BGU 15; 149; 176; 162; 296; 337; 387; 406; 488; 590; 627; 950; 1023; 1196

P. Brux 7535

P. Enteux

P. Fay

P. Jand. 34

P. Lond 353

P. Lund 4

P. Oxy. 1029; 1143 [~1 CE]; 1256

P. Petrie II

PSI 950; 1146

P. Rainer 8

P. Ryl. 110

P. Teb. 88; 295; 298-9; 309; 315

SB 7342


Includes these papyri:

P. Fouad 11; 12; 13; 14.

P. Lund. 31; 32; 33; 34; 35; 36; 38; 42.

P. Yale 324; 344; 348; 349; 350; 351; 361; 362; 363; 378; 379; 902; 903; 904; 906; 907.


Originally within: “Soknobraisis at Bacchias”, in Yale Classical Studies, X, 1947, p. 179-281, by E.H. Gilliam.


P.Bacch.: The Archives of the Temple of Soknobraisis at Bacchias



SOKNOPAIU NESOS: (Greek) papyri from

See KARANIS; [O_060,rvw]




See NAG HAMMADI; [Y_007b,rvw]



SUMMIT# PA4413 .Y9 1974

“The papyrus fragments of Sophocles : an edition with prologemena and commentary.”

Berlin, 1974.



SORBONNE: (demotic, coptic, greek, latin, and arabic) papyri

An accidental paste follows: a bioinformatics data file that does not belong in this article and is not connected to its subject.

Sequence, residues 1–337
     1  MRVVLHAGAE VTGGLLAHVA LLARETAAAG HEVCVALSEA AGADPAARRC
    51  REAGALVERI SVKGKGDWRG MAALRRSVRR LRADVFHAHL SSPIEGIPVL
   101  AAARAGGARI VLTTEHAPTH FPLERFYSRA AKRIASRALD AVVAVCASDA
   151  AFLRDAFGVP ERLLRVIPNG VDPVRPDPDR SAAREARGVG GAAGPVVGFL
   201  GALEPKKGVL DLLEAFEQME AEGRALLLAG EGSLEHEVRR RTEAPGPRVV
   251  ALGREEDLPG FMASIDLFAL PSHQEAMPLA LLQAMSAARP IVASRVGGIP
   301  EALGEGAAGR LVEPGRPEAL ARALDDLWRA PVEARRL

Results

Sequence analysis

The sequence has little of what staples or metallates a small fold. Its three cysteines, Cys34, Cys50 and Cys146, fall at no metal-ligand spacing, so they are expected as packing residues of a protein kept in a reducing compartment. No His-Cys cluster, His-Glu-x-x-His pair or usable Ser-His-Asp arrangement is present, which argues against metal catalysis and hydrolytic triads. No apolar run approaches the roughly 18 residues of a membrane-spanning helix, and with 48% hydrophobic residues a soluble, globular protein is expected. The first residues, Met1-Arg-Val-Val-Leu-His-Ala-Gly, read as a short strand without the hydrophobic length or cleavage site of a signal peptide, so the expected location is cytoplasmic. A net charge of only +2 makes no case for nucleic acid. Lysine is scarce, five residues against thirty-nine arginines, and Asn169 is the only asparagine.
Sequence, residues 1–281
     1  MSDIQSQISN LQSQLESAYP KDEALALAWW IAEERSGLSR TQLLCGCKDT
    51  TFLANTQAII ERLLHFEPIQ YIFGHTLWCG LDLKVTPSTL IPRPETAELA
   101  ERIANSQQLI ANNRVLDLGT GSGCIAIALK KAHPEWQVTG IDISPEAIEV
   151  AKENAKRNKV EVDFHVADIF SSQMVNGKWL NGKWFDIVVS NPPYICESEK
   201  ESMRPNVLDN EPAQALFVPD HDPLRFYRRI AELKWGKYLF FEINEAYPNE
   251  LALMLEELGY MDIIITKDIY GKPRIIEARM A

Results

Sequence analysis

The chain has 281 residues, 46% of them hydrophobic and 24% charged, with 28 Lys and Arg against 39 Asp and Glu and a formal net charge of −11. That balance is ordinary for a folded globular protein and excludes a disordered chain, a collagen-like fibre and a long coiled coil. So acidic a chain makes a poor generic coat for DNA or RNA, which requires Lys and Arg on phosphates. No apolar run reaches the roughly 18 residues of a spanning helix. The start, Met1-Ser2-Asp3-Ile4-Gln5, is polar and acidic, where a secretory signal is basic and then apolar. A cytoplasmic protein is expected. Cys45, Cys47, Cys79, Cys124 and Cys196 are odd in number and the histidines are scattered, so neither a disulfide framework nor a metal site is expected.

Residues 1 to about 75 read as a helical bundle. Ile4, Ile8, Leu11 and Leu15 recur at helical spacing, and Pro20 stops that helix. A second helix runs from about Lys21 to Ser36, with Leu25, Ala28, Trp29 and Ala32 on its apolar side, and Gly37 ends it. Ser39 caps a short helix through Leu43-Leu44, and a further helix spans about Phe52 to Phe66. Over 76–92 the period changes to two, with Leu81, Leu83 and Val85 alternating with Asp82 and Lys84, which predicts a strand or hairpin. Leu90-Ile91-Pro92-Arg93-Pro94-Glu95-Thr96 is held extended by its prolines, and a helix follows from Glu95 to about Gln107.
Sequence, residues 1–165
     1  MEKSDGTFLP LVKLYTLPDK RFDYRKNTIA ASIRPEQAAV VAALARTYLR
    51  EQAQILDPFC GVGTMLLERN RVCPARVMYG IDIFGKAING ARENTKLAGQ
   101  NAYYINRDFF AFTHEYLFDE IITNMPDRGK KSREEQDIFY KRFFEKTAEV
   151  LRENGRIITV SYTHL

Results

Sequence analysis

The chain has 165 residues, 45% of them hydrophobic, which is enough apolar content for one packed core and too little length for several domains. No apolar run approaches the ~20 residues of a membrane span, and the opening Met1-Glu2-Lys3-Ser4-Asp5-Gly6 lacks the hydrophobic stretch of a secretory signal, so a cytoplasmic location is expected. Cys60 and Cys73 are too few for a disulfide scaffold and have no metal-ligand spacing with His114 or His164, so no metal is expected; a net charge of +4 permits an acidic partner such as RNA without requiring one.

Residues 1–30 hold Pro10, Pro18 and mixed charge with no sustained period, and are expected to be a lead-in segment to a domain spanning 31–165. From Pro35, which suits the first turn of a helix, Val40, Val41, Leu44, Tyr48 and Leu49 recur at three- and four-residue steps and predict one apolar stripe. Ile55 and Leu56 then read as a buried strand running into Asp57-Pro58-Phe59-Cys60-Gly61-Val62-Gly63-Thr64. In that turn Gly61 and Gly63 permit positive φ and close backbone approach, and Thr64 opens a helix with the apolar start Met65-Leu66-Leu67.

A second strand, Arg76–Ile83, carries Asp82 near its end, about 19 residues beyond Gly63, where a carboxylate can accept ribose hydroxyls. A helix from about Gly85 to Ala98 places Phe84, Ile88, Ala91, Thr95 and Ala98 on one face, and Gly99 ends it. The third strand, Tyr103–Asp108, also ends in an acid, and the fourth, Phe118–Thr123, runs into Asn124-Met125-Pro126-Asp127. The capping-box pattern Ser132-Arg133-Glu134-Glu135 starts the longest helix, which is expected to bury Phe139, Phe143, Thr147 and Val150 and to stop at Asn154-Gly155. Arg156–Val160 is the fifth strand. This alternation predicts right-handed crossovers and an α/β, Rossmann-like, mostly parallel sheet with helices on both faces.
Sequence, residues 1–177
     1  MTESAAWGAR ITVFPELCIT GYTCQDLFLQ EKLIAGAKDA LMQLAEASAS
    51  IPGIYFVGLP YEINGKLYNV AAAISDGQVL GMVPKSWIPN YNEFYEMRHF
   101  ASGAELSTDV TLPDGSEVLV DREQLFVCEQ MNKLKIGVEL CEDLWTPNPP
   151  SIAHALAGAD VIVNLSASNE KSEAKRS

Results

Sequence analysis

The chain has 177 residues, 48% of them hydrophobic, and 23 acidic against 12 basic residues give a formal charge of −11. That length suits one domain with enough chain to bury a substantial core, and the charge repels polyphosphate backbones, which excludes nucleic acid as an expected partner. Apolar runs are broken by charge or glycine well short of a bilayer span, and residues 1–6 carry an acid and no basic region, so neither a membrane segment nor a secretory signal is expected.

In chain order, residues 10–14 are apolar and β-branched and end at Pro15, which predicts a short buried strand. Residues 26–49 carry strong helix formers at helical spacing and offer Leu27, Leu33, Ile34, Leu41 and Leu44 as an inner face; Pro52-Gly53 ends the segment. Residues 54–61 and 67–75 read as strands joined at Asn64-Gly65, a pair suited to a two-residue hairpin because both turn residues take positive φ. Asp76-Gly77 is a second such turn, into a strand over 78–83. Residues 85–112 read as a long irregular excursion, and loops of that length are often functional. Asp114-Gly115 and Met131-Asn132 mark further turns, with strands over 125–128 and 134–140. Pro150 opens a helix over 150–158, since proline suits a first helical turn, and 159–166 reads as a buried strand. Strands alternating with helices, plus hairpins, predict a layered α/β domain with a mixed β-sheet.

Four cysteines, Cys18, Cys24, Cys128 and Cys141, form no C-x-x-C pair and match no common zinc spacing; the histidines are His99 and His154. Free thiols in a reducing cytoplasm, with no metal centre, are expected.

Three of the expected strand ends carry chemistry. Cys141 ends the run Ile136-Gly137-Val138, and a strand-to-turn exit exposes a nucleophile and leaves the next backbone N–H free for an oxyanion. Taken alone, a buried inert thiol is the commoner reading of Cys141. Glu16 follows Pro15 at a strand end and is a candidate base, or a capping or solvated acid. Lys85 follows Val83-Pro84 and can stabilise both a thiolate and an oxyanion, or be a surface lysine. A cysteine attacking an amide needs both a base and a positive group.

(as per D. Fowler) See (Greek) P. Sorb. 61.16 ~500 CE.

Roman period. Math.


(as per Duke Univ.) Papyrus de la Sorbonne

I, ed. H. Cadell. Paris 1966. (Publications de la Faculté des Lettres et Sciences Humaines de Paris, Série "Textes et Documents," t. X: Travaux de l'Institut de Papyrologie de Paris, fasc. IV). Nos. 1-63 are papyri, 64-68 ostraca. [o.e. PUF]


II, Un Codex fiscal Hermopolite (P.Sorb. II 69), ed. J. Gascou. Atlanta 1994.

(Am.Stud.Pap. XXXII). No. 69. [o.e. Oxbow]. Math.


P.Sorb.: Papyrus de la Sorbonne

P.Sorb. 1.9. Official correspondence from Lykomêdês à Hippodamos